Publishing old documents to a web page may be more different from printing them than we know--still, there is nothing for it but to go ahead and to make our mistakes. One day someone may correct them. For example, the old Faust Book was published during a similar transition, that from manuscript to print during the late 1500's in Germany. There resulted a confusion at the most elementary level, and it continued for four hundred years. By way of clearing the air, I would like to start from scratch. Please click to "Textual Critcism" if you are interested in a few general background considerations.
The Faust Book seems to be a very early novel written during the Lutheran church squabbles (1568-81) or shortly thereafter. It comes down to us in manuscript (Historia vnd Geschicht Doctor Johannis Faustj des Zauberers) written in clear hand by a professional scribe in Nuremberg, still in very good, unused condition, and also as a 1587 imprint from the prominent Frankfurt publishing house of Johann Spies. The availability of the work in print may explain the unused condition of the manuscript, suggesting that it was copied down not too long before 1587.
All this means that we are actually very lucky, for the following reasons. The manuscript and the print are obviously both versions of the same (lost) parent or grandparent, but it can also be shown that they were made quite independently of one another. That means we can compare them and get a pretty good idea of what their common source looked like. On the other hand, we remain ignorant as to whether that common source might have been the original Faust Book, or only a perhaps corrupted and / or expanded copy of it, and of course, as to how many unknown copyings may intervene.
Of the two versions, the better known one is the Spies imprint of 1587. It came out in September, was reprinted again in the same year and very frequently thereafter, each time with yet more tales about Faust. Not that more tales turned up, just that there were plenty of good old stories which could be transferred to Faust's name, appropriately or inappropriately. In accord with the theological reputation and clientele of the Spies printing house, their 1587 imprint is also heavily larded with religious commentary. Such "admonitions to the Christian reader" played so well to the readership that by the end of the century they had grown to become the major part of the (printed) Faust Books. The general sloppiness and repetitiveness of all these additions, though, had to diminish the book's popularity in the long run. As people became less disposed to religious controversy it ceased to be such an attractive book. Besides, the Faust figure had found another popular venue.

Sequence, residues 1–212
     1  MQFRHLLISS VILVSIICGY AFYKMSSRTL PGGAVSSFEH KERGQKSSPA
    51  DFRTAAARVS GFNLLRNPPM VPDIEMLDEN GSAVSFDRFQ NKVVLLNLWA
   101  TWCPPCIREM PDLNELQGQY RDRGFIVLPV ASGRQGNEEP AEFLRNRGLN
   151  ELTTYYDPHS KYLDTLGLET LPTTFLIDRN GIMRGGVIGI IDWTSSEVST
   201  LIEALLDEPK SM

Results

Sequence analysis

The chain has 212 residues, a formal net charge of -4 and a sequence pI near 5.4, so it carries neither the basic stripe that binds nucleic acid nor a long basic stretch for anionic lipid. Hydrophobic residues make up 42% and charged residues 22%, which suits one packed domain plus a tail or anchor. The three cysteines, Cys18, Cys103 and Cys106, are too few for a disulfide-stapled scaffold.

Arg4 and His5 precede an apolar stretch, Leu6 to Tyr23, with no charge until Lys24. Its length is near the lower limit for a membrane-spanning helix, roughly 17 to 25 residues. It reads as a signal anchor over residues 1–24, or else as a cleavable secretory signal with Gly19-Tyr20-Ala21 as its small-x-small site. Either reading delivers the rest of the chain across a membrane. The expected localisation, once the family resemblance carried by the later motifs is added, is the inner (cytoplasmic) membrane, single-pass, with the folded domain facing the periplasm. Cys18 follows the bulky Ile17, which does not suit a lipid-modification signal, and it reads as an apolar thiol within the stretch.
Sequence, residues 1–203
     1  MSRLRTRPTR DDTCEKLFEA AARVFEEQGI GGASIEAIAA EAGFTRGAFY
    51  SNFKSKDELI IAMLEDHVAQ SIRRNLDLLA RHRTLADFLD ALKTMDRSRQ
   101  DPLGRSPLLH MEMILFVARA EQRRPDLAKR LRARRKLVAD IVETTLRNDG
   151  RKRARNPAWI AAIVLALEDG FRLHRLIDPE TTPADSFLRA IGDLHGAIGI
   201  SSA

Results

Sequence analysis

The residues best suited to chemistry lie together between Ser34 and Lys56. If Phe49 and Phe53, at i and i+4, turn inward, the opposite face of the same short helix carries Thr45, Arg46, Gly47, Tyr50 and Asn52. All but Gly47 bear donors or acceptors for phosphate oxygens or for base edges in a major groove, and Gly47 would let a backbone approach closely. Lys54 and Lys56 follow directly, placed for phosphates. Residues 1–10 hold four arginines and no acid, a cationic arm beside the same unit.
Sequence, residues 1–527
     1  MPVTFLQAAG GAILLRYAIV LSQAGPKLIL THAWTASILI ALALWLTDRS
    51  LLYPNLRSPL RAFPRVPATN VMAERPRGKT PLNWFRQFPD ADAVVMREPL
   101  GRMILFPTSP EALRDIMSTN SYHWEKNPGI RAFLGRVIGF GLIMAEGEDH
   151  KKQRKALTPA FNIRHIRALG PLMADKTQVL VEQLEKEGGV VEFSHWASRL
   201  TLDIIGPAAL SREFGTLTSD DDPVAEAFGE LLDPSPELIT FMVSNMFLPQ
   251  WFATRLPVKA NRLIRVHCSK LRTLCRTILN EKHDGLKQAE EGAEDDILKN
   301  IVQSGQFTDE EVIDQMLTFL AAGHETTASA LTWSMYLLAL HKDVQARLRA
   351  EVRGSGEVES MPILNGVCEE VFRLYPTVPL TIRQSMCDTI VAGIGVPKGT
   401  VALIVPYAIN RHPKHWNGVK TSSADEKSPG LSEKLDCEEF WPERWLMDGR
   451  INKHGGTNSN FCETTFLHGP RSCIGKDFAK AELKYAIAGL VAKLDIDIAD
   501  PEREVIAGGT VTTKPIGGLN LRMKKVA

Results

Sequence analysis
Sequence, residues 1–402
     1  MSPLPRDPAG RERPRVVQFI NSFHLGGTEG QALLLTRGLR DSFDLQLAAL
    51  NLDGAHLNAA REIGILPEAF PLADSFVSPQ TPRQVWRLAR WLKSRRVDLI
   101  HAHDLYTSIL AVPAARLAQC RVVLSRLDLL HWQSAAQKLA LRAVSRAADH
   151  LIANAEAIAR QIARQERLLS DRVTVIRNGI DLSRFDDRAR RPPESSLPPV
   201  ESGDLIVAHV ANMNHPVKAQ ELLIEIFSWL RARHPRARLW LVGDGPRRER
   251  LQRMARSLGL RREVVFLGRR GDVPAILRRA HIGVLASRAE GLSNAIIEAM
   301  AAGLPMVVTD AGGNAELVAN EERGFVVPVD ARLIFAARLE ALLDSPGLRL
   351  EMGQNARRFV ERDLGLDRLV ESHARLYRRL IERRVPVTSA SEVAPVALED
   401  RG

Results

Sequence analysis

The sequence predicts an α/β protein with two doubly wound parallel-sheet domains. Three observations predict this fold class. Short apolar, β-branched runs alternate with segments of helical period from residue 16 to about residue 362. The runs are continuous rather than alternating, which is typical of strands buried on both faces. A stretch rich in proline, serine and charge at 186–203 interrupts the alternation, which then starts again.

Some one of the early Spies prints, as very freely translated into English by 1594, must have inspired Christopher Marlowe's famous Tragicall History of D. Faustus (ca. 1601). English players may have brought some version of Marlowe to Germany, for Faust became a beloved puppet figure on market squares (and can be seen to this very day). The puppet play is most probably the way the German classics, Lessing and Goethe, became acquainted with the material, and Goethe was in turn the inspiration for Gounod's Faust opera, Heine's satirical Faust ballet, and many other treatments. Inspired by the American film The Devil and Daniel Webster, which brings the Faust theme to bear on the problem of national guilt, Thomas Mann returned to the form of the 1587 Faust Book for the structure of his sombre wartime novel Doctor Faustus (1945), taking delight in mimicking the old Faust Book's archaic language and religiosity. Mann's protagonist is a 20th-century composer whose ambition is to refute Beethoven's harmonious vision of humankind, much as Thomas Mann feels compelled to defy Goethe's optimistic Faust vision.
Literary historians have by and large been so intrigued by this grand reception of the Faust figure that they ignore the Faust Book manuscript. Although it brings us much closer to the original version of the novel than the Spies print even attempted, it was little known in its own day. Purchased by Duke August of Wolfenbüttel (near Brunswick), probably in 1620, and duly catalogued in that important library, it received little attention until a librarian near the turn of the twentieth century undertook its publication as the "Wolfenbüttel Manuscript." The Faust Book as I am presenting it here is based on that manuscript.
I have made the assumption that the history of the Faust Book as revealed in the successive editions of the Spies print may tell us something also about its prehistory. The Wolfenbüttel Manuscript, while much purer than the Spies print, probably already contains well-intentioned scribal supplements of the same kind as can be seen to accumulate later (in Spies). My detailed arguments for trying to extract the original novel are easily available. Here, I have wanted simply to make that charming little work accessible to all who might be interested. --But I confess that I, too, have added something. The Spies print was avidly translated, and a Dutch version (1590) contained the wood cuts which accompany this web version of the Faust Book according to the Wolfenbüttel Manuscript.
For a page from the Wolfenbüttel Manuscript,
or go to the Faust